From: Robert J. Bradbury (firstname.lastname@example.org)
Date: Mon Jan 07 2002 - 07:26:19 MST
On Mon, 7 Jan 2002 CurtAdams@aol.com wrote:
> Well, aging has significant detrimental consequences.
Not until after you have reproduced (which is all natural selection
> If it had no compensating advantages and were easy to fix, it would be gone.
It doesn't have to have "advantages" it can just be an
incompletely debugged program. It isn't "easy to fix"
but it has been "fixed" in different ways in different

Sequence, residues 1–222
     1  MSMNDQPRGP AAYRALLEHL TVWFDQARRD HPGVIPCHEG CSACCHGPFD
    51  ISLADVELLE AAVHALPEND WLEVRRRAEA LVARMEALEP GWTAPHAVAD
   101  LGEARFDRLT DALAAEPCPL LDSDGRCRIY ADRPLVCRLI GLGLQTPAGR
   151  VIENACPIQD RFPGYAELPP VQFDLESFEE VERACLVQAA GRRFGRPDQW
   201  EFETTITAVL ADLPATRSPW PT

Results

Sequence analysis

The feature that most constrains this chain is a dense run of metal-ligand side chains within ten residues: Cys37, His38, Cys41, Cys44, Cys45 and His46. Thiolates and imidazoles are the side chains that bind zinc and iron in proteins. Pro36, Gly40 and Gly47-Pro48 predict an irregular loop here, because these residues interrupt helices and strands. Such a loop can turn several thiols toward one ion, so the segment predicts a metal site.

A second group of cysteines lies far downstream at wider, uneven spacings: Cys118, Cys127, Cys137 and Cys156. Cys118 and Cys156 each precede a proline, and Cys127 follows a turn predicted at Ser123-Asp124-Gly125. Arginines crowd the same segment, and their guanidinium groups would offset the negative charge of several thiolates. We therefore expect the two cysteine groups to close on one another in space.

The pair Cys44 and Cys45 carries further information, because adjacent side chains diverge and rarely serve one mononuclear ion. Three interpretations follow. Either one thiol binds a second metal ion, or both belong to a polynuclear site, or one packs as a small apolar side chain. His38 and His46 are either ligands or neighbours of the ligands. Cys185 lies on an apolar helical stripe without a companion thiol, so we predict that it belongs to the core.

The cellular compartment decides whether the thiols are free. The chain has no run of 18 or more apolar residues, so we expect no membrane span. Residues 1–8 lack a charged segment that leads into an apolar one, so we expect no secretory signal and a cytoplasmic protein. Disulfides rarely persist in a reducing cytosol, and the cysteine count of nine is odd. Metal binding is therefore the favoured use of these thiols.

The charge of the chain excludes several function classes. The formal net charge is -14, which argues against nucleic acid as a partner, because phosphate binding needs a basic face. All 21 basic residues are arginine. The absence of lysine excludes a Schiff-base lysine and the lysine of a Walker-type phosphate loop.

organisms (tortises, lobsters, humans, elephants, whales, etc.)
> The actual process itself needn't be advantageous,
> it could be an unavoidable side effect of something
> else (like cancer amelioration).
Certainly -- but cancer is ameliorated in organisms like
elephants and whales (who have many more cells that we do)
and they still manage to live as long or longer than humans.
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